ISDS created the Member Highlight series as a way to highlight member achievements, interests, and inspirations in an effort to showcase successful and highly active ISDS members. This month’s highlighted member, Ian Painter, is 2014 ISDS Scientific Program Committee Co-Chair.
How did you first learn about disease surveillance and when did you decide that it was an area of interest for you? I first became interested in disease surveillance after I started working on a project developing a now defunct surveillance system, implementing outbreak detecting algorithms. What I found interesting about the area was the need to make decisions based on the data that was available, even when the only available data was of relatively low quality.
What do you do? I am an Assistant Professor in the Department of Health Services at the University of Washington. I do some teaching in the Community Oriented Public Health Practice MPH program, but the bulk of my time is spent on research in the areas of public health practice and disease surveillance.
What do you enjoy most about your job? I enjoy the variety of projects that I get to work on.
What excites you in the work you do? I am excited by projects that require some amount of creativity to solve, such as finding a way to conduct a randomized trial in a public health practice setting. I also enjoy any project where I am learning new things, rather than just applying knowledge I already have.
Who or what inspires you professionally? I am inspired by the students I get to work with, most of whom come into the MPH program with extensive public health work experience, both domestically and globally. I find I learn perhaps as much from our students as they learn from me.
What is your proudest professional accomplishment or achievement (related to disease surveillance)? I would say my involvement with the Distribute surveillance program and work that I have done around analyzing and characterizing data quality problems.
How long have you been involved with ISDS? Since the 2004 ISDS conference in Boston, but more actively since the inception of the Distribute project.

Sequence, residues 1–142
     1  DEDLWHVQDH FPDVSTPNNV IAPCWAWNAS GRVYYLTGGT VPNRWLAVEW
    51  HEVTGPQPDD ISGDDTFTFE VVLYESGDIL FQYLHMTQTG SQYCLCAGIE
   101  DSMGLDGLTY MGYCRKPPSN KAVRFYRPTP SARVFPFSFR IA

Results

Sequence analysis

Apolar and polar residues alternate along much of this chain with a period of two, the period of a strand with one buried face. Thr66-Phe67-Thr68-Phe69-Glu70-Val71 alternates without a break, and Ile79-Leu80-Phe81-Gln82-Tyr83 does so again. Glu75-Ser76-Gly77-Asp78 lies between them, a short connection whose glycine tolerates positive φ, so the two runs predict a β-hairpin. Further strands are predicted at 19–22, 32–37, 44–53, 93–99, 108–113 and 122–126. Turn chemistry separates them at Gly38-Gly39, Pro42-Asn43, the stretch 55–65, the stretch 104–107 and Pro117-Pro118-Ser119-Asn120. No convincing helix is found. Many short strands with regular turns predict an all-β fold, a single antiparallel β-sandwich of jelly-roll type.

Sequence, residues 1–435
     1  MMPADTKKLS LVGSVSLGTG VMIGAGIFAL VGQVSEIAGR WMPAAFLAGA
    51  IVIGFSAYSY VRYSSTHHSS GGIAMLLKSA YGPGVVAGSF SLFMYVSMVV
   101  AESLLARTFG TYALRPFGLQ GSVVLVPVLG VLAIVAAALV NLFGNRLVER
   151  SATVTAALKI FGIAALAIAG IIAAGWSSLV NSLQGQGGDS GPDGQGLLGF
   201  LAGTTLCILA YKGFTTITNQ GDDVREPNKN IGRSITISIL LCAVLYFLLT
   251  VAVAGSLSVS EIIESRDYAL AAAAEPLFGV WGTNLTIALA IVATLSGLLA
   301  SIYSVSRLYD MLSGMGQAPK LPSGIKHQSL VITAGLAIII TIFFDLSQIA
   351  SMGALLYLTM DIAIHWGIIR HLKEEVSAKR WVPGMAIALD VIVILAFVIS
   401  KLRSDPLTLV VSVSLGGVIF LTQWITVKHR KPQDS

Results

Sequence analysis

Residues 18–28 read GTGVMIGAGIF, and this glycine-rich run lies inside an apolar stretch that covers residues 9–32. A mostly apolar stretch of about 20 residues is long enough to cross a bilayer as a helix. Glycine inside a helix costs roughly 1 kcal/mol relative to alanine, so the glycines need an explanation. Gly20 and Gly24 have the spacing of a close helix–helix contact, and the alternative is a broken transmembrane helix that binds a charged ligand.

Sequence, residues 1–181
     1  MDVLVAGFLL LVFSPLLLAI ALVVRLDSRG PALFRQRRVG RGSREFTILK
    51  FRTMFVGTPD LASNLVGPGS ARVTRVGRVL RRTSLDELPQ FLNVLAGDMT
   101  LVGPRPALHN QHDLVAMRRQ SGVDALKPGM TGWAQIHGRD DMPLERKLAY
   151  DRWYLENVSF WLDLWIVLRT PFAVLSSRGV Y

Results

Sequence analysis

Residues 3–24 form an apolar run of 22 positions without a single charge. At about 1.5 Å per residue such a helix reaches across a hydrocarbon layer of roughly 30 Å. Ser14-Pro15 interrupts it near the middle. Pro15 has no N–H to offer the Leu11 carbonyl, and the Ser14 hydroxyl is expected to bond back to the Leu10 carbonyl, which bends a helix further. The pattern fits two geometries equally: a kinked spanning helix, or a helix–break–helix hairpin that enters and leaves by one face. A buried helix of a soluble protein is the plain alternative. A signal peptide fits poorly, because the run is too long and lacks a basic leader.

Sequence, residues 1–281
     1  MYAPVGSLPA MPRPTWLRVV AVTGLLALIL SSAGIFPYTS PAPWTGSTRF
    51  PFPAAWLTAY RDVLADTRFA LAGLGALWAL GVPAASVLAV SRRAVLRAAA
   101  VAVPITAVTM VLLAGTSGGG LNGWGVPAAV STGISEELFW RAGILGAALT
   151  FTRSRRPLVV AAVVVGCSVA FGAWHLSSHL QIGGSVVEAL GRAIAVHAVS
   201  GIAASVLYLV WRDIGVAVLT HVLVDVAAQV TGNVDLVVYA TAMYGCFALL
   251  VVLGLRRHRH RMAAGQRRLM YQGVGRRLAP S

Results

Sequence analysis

Why are you an ISDS member? Initially I became a member as a result of attending the annual conferences, though I have come to realize that the benefits of being a member extend well past just attending the annual conference.
What do you value most about your ISDS membership? I find activities that the ISDS organizes (annual conference, webinars, community of practice) very valuable. As a researcher I find great value in the connections with both other researchers and with public health practitioners that the ISDS provides.
What is the biggest issue in disease surveillance (in your opinion)? As a researcher I do not feel that I am qualified to hold an opinion about what the biggest issue is, as the most important issues are practice based. One issue that I am particularly interested in from a research angle is the need for connections between researchers and public health practitioners. This has traditionally happened both from the point of view of disseminating research findings to the practice community, but I believe there is an equal need for researchers to listen to the practice community to find out where research is actually needed.
If you were not a professor, what would you be? Probably a photographer, specifically nature and landscape photography.